Remember those bottles of soda you consumed last summer to keep you cool? Well, those glass bottles just might be keeping you warm this winter, especially if your house was built with Johns Manville insulation. “We are very proud of our ComfortTherm® insulation, because a lot of what goes into this product is recycled glass,” says Sarah Tholen, manager of advertising and public relations for Denver-based Johns Manville Corporation. “We are acknowledged as the innovator in the insulation industry because we take what might be considered a mature product and we enhance it.”
Johns Manville is a household word in America. Anyone who has ever built a house, or knows of someone who did, knows the name of one of the best-known manufacturers of insulation in the world. But the company manufactures significantly more than that. Johns Manville is No. 1 and No. 2 in most of its market segments, including insulation products for residential and commercial buildings and equipment; commercial and industrial roofing systems; and engineered products that include high-efficiency filtration media, fibers, fabric and non-woven mats used as reinforcements in building and industrial applications.
Through the Roof
The H.W. Johns Manufacturing Company began manufacturing fire-resistant roofing materials in New York City in 1858. In Milwaukee, the Manville Covering Company was manufacturing asbestos as a heat-insulating material in 1886. The twocompanies merged in 1901 to form the Johns-Manville Company in New York City. In addition to the products each company manufactured, the combined company began manufacturing automotive sheet packing for cylinders, as well as cement, acoustical and magnesia products. Throughout the years, the company has continued to advance the industry, leading in manufacturing new products for a wide range of industrial applications.
ComfortTherm® insulation is one of Johns Manville’s most popular products, and is engineered to offer warmth without the itch. “It’s encapsulated with a plastic covering, so it’s much easier to install and there’s less dust and less itch,” says Tholen. “From an environmental standpoint, we are very proud of this product, which is most representative of the consumer side of our market.”
Ever want to get rid of that noisy dishwasher? You might want to consider buying one with Johns Manville insulation. This is another important business segment for the company – the OEM market. “Here is where we get involved in the highly specialized fiberglass insulation that’s used in appliances,” says Tholen. Stoves, furnaces and air conditioners are just a few of the appliances using the company’s engineered glass. “Dishwashers are especially good examples of how our dual-density insulation is used as a thermal insulator and an acoustical insulator as well,” Tholen says. “So our insulation in this application works to substantially reduce the noise level of the appliance.”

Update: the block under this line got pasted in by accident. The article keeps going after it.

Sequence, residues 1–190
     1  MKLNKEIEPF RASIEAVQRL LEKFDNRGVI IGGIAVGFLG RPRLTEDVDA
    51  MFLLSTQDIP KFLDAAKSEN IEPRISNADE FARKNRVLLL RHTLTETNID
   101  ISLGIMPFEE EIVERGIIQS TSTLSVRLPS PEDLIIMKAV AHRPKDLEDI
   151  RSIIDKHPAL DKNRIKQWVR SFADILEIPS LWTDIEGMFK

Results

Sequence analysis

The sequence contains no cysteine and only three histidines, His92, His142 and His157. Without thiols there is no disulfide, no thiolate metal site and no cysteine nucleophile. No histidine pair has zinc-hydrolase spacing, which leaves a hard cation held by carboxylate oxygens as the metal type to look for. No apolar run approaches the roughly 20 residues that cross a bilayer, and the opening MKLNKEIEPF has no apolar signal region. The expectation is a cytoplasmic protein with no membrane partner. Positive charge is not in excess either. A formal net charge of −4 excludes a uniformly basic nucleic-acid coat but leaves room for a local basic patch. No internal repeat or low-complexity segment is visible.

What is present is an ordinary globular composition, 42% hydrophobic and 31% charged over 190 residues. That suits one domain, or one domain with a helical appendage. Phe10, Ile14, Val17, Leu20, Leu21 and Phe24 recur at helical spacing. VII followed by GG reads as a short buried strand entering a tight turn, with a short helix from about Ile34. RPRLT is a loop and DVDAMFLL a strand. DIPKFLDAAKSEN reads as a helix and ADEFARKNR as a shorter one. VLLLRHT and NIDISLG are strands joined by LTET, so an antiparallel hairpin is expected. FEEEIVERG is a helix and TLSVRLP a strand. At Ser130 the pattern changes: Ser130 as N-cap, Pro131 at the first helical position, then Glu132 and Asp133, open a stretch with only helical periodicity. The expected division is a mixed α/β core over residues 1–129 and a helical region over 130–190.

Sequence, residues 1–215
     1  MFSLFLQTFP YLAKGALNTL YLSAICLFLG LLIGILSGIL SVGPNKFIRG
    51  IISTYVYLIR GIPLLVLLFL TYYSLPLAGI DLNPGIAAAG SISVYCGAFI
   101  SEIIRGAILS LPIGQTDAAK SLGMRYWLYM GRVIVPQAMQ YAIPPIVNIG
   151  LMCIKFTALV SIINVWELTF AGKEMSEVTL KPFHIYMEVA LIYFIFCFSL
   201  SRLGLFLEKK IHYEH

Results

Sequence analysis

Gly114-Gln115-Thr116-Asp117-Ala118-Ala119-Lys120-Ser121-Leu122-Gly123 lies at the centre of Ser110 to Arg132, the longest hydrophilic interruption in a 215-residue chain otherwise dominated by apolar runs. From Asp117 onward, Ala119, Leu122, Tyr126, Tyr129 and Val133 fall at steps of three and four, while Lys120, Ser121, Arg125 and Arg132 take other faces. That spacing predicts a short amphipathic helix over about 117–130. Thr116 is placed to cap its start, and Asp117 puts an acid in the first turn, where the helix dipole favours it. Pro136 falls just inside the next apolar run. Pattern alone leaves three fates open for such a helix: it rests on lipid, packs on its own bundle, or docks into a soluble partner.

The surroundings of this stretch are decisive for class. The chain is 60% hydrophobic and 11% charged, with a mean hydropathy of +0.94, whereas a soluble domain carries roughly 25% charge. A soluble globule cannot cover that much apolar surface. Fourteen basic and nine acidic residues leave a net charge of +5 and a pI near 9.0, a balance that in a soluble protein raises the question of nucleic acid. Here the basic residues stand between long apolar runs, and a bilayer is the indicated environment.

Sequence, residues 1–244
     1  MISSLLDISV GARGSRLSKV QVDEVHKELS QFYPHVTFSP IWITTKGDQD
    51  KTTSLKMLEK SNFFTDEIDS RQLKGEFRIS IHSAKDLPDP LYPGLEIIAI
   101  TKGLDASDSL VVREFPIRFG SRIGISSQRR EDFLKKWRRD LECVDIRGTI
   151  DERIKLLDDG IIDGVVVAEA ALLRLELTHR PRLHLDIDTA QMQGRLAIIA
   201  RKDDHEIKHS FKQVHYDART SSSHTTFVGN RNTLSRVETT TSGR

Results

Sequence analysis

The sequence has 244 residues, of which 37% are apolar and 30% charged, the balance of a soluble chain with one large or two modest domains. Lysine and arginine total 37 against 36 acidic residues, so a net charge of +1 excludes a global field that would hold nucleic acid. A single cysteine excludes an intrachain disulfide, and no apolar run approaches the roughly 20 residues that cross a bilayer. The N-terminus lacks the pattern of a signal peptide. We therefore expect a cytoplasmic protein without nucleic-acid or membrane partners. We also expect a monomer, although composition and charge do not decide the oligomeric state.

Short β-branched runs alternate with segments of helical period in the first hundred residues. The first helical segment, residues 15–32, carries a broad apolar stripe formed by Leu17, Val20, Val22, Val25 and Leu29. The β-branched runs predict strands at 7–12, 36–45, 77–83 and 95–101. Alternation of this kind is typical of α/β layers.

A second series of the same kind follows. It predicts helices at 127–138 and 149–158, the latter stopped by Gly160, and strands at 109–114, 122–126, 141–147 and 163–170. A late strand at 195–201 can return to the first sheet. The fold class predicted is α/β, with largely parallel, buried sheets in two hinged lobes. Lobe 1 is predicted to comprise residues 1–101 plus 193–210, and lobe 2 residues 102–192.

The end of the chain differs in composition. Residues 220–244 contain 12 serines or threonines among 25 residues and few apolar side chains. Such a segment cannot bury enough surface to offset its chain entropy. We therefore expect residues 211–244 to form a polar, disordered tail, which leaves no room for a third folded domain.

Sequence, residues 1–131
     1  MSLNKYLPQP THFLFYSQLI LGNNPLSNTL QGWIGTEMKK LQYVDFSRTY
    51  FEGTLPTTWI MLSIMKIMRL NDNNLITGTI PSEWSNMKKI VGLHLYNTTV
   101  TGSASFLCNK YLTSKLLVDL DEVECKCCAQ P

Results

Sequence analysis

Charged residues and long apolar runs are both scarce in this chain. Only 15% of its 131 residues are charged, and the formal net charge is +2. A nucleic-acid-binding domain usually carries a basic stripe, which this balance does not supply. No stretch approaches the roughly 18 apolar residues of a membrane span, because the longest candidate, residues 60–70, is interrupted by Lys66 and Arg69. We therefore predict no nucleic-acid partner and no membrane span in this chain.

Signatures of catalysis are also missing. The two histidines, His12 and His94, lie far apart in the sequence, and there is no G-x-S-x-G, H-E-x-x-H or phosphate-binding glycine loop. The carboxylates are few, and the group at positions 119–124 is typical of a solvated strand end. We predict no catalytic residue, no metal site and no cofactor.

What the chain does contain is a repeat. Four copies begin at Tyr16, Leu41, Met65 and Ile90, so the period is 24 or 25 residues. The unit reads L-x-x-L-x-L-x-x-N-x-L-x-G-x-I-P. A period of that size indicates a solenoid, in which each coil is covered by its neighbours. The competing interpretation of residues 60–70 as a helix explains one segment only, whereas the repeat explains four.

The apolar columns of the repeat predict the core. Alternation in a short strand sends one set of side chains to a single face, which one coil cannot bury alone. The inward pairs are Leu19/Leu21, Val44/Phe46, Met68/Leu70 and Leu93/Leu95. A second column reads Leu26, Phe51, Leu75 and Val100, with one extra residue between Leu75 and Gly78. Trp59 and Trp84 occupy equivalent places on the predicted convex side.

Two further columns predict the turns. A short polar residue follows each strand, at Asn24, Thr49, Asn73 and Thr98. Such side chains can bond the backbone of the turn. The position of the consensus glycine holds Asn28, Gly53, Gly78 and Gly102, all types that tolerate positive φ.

Of Airplanes and Air Ducts
Johns Manville’s mechanical insulation group manufactures insulated duct systems for large commercial applications. “These products are used in air-handling and air-conditioning applications,” says Tholen. “They are either in pipe form – that is, the fiberglass is molded or fabricated into the shape of a duct – or it is shaped into a product that can insulate a pipe or duct.”
Another business segment is Johns Manville’s exotic fiber group. “We are the No. 1 manufacturer in the world of aircraft fuselage insulation.
So as you are sitting in an airplane, between you and the sky is our insulation,” says Tholen. These fibers are made of fiberglass. “What makes them unique,” Tholen adds, “is that they are very, very fine fibers which we call flame-attenuated glass.” This means that the process by which they are produced generates an extremely fine fiber. “These very fine fibers create very small air pockets that give a very high-performance insulating quality to the fiberglass,” explains Tholen.